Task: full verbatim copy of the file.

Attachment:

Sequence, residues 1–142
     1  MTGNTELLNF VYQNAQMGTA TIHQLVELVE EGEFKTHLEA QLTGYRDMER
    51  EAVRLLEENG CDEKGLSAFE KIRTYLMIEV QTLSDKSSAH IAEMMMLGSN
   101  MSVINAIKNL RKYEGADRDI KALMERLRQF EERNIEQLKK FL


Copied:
Sequence, residues 1–142
     1  MTGNTELLNF VYQNAQMGTA TIHQLVELVE EGEFKTHLEA QLTGYRDMER
    51  EAVRLLEENG CDEKGLSAFE KIRTYLMIEV QTLSDKSSAH IAEMMMLGSN
   101  MSVINAIKNL RKYEGADRDI KALMERLRQF EERNIEQLKK FL